An economic revival is tied to re-branding the city's image, Deputy City Administrator Carlos Sanchez said at Wednesday's budget talks, but also to unity among the city's diverse populations.
Calling it critical to a city with declining ratables, Sanchez said it is not going to happen "unless we all come together as a community."
Sanchez drew on his experience as the 10-year director of economic development in Elizabeth. He came to Plainfield on Feb. 1 and has since been examining Plainfield's needs. He cited two big pluses in the city's favor, its recent designation as the state's 28th transit village and the start of the one-seat ride to New York on the Raritan Valley Line. To attract new residents and commercial enterprises, he said, the city must become more welcoming, with amenities to enhance residential development around the train stations and a more streamlined approval process for developers.
"Every time we delay an approval, that means dollars and cents to developers," he said.
For the past eight years, economic development was in the hands of a division-level manager. Prior to that, the title of deputy city administrator had been changed by ordinance from an ombudsman function to a focus on economic development. Sanchez now holds that cabinet-level title. Among his wide-ranging plans, he said he intends to place a desk in his office so business owners can meet with advisers on dealing with lenders to grow their companies. He also intends to create better understanding of the remaining benefits of the Urban Enterprise Zone program, review all redevelopment plans, enforce ordinances on store window signage, and get business owners into a Google program that offers free web sites to market their products.
Also up for discussion Wednesday was the budget for Mayor Adrian O. Mapp's office, which now covers the new title of chief of staff. The City Council approved the title and a salary range last year, but a council majority is now balking at paying for the person Mapp chose to fill the position. City Administrator Rick Smiley recited the numerous tasks of the chief of staff, but Councilman William Reid told Smiley, "It sounds like you're describing the mayor's job and your job."
Mapp is the full-time finance director in Orange in addition to being the part-time mayor of Plainfield. Smiley is in charge of day-to-day operations of the city and said the chief of staff is the city's liaison to county, state and federal.government, in addition to performing constituency service and other tasks.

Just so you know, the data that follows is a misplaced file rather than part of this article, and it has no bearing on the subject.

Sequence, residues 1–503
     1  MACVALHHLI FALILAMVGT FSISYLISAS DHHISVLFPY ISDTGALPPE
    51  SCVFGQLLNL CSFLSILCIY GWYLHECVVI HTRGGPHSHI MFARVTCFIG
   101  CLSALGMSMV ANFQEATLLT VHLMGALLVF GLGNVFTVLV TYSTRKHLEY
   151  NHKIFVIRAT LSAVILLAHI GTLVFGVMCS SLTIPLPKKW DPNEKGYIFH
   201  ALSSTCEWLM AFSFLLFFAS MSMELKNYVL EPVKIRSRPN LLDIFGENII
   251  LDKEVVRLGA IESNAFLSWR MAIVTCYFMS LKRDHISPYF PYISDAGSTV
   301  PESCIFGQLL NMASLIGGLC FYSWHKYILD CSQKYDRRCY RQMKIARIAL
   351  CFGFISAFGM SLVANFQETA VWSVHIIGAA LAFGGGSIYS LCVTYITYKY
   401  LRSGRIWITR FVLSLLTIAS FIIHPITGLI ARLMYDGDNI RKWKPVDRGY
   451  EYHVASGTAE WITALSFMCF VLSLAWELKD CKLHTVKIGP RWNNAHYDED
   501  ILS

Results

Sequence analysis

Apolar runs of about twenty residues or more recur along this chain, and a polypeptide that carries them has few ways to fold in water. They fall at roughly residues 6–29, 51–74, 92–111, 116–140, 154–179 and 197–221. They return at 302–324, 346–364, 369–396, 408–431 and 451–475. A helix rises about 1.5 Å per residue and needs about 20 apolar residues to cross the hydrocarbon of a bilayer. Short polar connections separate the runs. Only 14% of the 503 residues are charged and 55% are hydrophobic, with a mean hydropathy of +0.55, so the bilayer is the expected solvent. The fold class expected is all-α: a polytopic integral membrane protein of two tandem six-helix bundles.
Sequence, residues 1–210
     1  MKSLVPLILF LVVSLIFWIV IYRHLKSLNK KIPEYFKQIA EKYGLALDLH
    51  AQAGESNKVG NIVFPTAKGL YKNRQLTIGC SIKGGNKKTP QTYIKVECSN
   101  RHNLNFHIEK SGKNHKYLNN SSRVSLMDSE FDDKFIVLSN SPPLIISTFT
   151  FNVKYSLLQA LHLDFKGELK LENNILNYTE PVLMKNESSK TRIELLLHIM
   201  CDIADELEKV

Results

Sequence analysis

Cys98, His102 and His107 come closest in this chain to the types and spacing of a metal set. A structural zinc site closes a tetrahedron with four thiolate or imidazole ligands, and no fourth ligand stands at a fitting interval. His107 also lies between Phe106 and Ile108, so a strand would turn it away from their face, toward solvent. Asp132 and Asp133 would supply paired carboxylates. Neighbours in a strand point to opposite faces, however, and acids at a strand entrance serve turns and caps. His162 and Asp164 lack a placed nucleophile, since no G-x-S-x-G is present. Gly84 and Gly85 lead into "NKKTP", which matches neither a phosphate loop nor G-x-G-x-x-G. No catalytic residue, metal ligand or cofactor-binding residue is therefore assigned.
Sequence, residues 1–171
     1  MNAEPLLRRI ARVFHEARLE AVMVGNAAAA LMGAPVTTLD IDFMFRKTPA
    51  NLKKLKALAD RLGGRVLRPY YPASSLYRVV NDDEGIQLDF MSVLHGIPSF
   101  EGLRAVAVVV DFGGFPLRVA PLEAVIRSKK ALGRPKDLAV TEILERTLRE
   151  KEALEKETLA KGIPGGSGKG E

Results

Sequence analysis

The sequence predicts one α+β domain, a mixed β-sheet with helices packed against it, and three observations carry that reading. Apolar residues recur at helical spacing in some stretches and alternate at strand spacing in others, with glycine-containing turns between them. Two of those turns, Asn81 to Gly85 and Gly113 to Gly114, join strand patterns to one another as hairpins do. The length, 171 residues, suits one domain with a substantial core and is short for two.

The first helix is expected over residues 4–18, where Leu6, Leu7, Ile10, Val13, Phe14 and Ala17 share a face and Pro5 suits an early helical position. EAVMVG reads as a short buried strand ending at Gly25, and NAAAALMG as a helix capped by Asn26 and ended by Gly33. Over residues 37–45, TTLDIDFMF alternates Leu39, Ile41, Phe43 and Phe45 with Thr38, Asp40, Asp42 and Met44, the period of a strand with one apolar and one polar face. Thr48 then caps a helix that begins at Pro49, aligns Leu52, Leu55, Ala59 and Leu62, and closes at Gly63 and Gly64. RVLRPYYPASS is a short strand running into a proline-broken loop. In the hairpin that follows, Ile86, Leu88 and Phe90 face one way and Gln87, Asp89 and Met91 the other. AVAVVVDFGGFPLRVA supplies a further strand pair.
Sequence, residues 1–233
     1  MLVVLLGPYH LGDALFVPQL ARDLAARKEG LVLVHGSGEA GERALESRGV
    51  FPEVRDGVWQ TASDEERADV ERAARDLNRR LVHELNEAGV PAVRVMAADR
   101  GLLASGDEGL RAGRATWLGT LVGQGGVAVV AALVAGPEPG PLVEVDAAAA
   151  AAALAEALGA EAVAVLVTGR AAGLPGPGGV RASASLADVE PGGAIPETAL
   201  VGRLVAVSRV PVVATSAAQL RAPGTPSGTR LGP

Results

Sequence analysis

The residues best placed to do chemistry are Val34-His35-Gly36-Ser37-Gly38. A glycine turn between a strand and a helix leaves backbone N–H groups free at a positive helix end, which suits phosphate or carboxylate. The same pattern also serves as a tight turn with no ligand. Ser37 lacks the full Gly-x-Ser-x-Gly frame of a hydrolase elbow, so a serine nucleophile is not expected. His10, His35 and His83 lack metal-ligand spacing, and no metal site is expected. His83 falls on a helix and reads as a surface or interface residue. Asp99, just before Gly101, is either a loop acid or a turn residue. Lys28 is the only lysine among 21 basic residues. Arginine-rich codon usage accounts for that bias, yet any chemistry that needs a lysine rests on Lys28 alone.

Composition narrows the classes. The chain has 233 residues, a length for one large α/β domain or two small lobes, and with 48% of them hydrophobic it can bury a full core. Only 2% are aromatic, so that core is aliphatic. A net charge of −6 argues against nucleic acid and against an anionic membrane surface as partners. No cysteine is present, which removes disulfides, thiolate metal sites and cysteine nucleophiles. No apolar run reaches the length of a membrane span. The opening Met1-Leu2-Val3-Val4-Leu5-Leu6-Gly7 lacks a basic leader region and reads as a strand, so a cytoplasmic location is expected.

Mapp was a councilman before being elected mayor and Reid has framed his argument against paying the chief of staff in terms of the council's denial of hiring an office assistant for the previous mayor, Sharon Robinson-Briggs.
The previous mayor herself took notes through the session and spoke in public comment against paying $80,000 for a chief of staff. She said she was "shocked" at a $1 million increase in the budget and claimed she worked "seven days a week" as the mayor.
"Mapp has the same option," she said. "He should not have someone to uphold his back because he is not here in the day."
The Citizens Budget Advisory Committee is scheduled to give its report Monday. CBAC member Jan Massey asked the council's budget consultant, Lawrence Caroselli, if the budget was reasonable.
"Certainly, it is up to the council overall," Caroselli said, but added, "It is a fairly reasonable budget for where Plainfield is and where it would like to go."
Finance Director Ron West responded to Plaintalker earlier on Wednesday with this explanation of a further reduction in the projected tax increase for 2014:
"The Introduced budget indicated the municipal tax increase for a home assessed at $113,000 would be $129.37, of which $25.99 was due directly to the loss in ratables. This represents a 2.68% increase over CY 2013. The average home assessed at $113,000 received a municipal tax increase of $166.06 in 2013.
"As a follow-up to the Introduced budget the Council was provided with a list of requested amendments from Administration: $142,000 in additional funding requests, offset by $431,898 in lower pension payments for 2014, for a net budget decrease of $289,898.00. The $289,898.00 net decrease would lower the tax increase to $101.96 per average assessed value home, an increase of 2.12% over 2013."